[There are many things that I scan or that cross my screen that would be grounds for condemnation both of the Israelis and the Palestinians — the killings, maimings, and constant manifestations of hatred and disrespect on both sides.  I don’t pass most of these along.  Perhaps the personal observations such as this one from a caring outsider are more pertinent, if attended to by those who are supporters of the hatred on one side or the other over there.  Needless to say, the horrors being generated in Iraq and Afghanistan by the U.S. are more to be condemned — how many new dead and maimed today — and the brutal impact on all those children?  Ed Kent]

Subject: [cpthebron] Hebron Reflection:  Strangers in my home
Date: Fri, 27 Oct 2006 05:51:01 -0400
From: cpt hebron
To: Yahoo

Reflection: Strangers in my home

by Jan Benvie

October 2006

Until last week no one had ever entered my home without my permission. I have always had the right to say no when someone came to my door. On Friday 13th October that all changed, when a group of Israeli soldiers entered the home I share with other CPTers, here in the Old City of Hebron.

The soldiers knocked and waited until someone answered the door. We were reluctant to let them in. They listened to what we had to say, but then they pushed their way in. We do not allow people to bring weapons into our home and asked them to leave their guns at the door, but they refused. Ultimately we had no choice.

They did not move furniture or search in cupboards. Their visit was short. They were polite and civil, but that didn’t make me feel any less powerless.

After they left I could not relax. Much later, when I went to my bed I could not sleep. I felt that my private space had been violated because unwelcome strangers had been in my bedroom.

The next day I witnessed a group of Israeli soldiers entering a Palestinian home.  They did not knock, but forced their way in, locking the door behind them. The family had no choice, entrapped in their home with armed soldiers.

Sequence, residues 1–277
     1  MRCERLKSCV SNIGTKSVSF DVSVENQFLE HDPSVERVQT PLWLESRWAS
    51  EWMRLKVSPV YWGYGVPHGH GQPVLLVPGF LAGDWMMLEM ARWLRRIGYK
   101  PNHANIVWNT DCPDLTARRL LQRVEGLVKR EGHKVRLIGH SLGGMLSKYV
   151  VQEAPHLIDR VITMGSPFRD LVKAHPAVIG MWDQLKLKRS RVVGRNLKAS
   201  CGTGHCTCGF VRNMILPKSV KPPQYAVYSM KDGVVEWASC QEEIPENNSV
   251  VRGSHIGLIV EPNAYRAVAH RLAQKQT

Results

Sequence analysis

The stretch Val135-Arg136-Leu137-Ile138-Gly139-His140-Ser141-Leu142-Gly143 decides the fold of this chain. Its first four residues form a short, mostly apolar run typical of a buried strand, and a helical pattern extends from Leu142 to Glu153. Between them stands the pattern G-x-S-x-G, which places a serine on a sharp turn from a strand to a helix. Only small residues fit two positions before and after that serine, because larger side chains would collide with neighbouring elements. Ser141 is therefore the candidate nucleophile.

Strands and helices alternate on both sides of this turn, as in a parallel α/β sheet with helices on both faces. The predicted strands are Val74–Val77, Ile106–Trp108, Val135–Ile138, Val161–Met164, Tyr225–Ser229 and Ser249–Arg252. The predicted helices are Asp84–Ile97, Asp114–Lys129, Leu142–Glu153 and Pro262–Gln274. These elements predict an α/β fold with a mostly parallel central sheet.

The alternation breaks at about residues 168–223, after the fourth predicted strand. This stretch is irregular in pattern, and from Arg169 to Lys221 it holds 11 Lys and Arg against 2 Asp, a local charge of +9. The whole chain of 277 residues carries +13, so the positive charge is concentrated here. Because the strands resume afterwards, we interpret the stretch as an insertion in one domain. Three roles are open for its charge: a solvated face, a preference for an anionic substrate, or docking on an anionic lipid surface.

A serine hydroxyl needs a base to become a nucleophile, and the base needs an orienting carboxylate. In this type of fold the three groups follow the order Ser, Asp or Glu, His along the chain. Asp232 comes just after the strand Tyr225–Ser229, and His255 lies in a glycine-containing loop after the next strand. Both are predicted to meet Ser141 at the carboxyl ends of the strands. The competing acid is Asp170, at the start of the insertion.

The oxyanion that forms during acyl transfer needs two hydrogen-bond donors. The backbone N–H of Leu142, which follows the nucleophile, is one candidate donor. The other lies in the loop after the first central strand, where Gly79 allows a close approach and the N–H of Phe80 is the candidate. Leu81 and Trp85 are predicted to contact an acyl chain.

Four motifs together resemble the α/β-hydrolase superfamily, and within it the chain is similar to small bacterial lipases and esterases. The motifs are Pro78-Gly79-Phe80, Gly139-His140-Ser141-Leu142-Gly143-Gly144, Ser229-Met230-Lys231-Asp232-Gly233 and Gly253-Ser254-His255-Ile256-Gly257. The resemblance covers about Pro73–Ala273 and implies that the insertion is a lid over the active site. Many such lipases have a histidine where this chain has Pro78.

The soldiers were rude, they made obscene comments about Prophet Mohammed (peace be upon him) that caused distress to the Muslim family. The family asked them to leave. They refused. The soldiers shouted. They moved furniture and emptied cupboards and drawers onto the floor. They pulled covers from the bed. After 2 ½ hours they left, leaving behind them weeping women, bruised men and a ransacked home.

When I came home I could not relax. That night I could not sleep. I kept thinking of the Palestinian family. I remembered how I had felt the night before. How could the family ever feel safe in their home again? How could they sleep in their bed? Did they wash and clean, as well as tidy, in an effort to expunge all traces of the evening’s violation?

And, to my shame, as I lay in bed trying to sleep, I also felt glad it hadn’t been me.


Christian Peacemaker Teams is an ecumenical initiative to support violence reduction efforts around the world.  To learn more about CPT’s peacemaking work, please visit our website at:  http://www.cpt.org  Photos of our projects may be viewed at: http://www.cpt.org/gallery

“A war is just if there is no alternative, and the resort to arms is legitimate if they represent your last hope.” (Livy cited by Machiavelli)

Ed Kent  718-951-5324 (voice mail only) [blind copies]

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